For comparison, if we assume an 8-character password with the 94 standard keyboard symbols, we have an entropy of (8 log2(94) ) = 52.44 bits (or equivalently, just over 6 quadrillion possibilities), which is reasonable for most purposes.

On the other hand, a date isn’t just an 8 character password. It’s not even an 8 character numeric password (with obviously 99,999,999 options, or 26.8 bits of entropy), which would be weak but not laughable. In fact, it’s really a 3 character password: a month, a day, and a year. Those are respectively ~30.44 possibilities  (days per month), 12 possibilities, and 60 possibilities (assuming our account holder was born between 1940 and 2000). In bits, that’s approximate 4.93 + 3.58 + 5.91 = 14.42 bits. An analogous password described in characters we are familiar with would be a three character password made up of: a single number, followed by a single lower-case letter, followed by a single alphanumeric. So, your password options are no different (entropy-wise) than “1aA” or “8q3”, and you didn’t even get to pick your wussy three characters.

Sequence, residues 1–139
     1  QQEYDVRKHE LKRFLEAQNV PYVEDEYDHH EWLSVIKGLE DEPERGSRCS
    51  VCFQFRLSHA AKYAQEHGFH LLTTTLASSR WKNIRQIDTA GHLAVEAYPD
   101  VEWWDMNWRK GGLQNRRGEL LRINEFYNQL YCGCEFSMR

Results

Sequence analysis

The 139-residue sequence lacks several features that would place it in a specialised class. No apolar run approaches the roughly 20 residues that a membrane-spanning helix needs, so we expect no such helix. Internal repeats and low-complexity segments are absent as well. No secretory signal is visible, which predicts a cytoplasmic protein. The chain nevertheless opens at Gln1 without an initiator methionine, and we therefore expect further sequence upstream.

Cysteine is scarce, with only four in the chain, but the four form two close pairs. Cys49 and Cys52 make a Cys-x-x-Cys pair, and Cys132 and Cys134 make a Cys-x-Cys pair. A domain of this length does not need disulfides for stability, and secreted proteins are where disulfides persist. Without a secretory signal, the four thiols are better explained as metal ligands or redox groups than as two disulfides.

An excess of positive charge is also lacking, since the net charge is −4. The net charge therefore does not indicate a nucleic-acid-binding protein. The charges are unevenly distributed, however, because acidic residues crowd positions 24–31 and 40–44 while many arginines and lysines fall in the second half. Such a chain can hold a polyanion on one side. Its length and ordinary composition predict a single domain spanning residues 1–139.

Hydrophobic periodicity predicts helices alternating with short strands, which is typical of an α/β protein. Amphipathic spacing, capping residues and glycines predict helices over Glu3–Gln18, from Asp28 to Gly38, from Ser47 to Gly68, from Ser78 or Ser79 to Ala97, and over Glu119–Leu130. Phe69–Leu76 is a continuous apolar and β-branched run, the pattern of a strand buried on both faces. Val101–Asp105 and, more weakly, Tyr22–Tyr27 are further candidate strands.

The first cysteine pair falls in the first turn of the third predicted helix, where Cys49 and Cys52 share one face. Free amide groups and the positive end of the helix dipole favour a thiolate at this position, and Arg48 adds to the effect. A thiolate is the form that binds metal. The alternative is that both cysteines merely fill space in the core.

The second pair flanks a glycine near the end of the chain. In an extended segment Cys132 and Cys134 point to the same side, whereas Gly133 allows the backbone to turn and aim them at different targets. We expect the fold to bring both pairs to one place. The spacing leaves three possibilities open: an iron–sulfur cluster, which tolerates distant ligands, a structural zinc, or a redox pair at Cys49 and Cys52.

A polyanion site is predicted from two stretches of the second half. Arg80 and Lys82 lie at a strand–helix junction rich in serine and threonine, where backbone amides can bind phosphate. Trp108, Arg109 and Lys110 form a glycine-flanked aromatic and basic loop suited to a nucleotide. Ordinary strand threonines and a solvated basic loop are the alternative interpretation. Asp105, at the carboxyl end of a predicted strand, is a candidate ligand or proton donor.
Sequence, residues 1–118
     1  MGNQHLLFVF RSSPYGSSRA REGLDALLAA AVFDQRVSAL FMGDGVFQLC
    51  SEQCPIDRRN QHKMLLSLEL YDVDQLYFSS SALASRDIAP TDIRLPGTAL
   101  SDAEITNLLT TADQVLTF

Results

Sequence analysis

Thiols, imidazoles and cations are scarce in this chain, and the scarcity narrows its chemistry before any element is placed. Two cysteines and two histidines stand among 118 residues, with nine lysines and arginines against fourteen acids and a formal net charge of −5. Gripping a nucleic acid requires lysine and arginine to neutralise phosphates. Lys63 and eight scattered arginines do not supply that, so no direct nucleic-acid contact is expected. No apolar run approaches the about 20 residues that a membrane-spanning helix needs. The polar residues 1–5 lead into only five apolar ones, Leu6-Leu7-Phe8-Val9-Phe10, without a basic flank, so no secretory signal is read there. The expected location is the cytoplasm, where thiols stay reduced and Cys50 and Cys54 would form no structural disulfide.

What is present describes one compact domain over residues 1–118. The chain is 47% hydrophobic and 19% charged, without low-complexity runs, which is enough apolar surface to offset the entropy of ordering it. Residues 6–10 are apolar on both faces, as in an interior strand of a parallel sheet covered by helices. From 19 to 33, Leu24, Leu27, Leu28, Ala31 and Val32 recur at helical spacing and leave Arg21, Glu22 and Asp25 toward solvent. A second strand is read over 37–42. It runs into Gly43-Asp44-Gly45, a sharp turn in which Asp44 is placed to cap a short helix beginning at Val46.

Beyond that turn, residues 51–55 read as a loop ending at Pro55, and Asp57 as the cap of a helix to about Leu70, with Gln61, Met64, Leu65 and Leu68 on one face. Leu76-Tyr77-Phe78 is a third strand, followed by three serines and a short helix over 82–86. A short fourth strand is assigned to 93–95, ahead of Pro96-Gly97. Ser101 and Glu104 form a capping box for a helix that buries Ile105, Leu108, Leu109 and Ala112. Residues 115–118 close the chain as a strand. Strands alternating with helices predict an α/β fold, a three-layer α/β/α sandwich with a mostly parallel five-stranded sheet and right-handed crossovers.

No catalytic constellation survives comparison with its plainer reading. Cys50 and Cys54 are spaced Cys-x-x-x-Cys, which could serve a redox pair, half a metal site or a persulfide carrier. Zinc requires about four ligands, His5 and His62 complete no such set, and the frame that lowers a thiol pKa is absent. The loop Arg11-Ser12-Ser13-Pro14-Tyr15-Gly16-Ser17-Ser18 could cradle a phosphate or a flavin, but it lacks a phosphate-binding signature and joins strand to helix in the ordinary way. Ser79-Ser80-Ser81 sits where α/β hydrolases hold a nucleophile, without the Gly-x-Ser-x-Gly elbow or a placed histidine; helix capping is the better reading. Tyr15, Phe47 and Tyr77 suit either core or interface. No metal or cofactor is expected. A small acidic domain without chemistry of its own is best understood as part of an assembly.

Solving 14 bits of Entropy

Let’s put this to work. First, a list of every date between Jan 1, 1940 and Jan 1, 2000. Python is my sketchpad of choice:

from datetime import datetime, timedelta
 
max_date = datetime(1999, 01, 01)
date = datetime(1940, 01, 01)
day = timedelta(1)
f = open("datelist.txt", "w")
 
while(date < max_date):
    f.write(date.strftime("%d%m%Y")+"\n")
    date = date + day
 
f.close()

Now datelist has a properly formatted date for each day in our range. How many possibilities is that?

$ head -n 2 datelist.txt
01011940
02011940
03011940
$ wc -l datelist.txt
21550 datelist.txt

That’s in line with our estimate above. Cool, let’s use that list to break a PDF created with this password scheme. Pdfcrack is a simple open-source password bruteforcing tool that helpfully takes a wordlist.

$ pdfcrack -f SensitiveDoc.pdf -w datelist.txt
PDF version 1.4
Security Handler: Standard
V: 2
R: 3
P: -1028
Length: 128
Encrypted Metadata: True
FileID: 9f86e55a12672dcd9b9a9cd3423303da
U: b89fd170770d5b802423d0ec2ae7ec6d00000000000000000000000000000000
O: 301981f88c00ebdafde32360d24b7ae0f6b8a3e1865ac314cbaec4f7cc7a3f49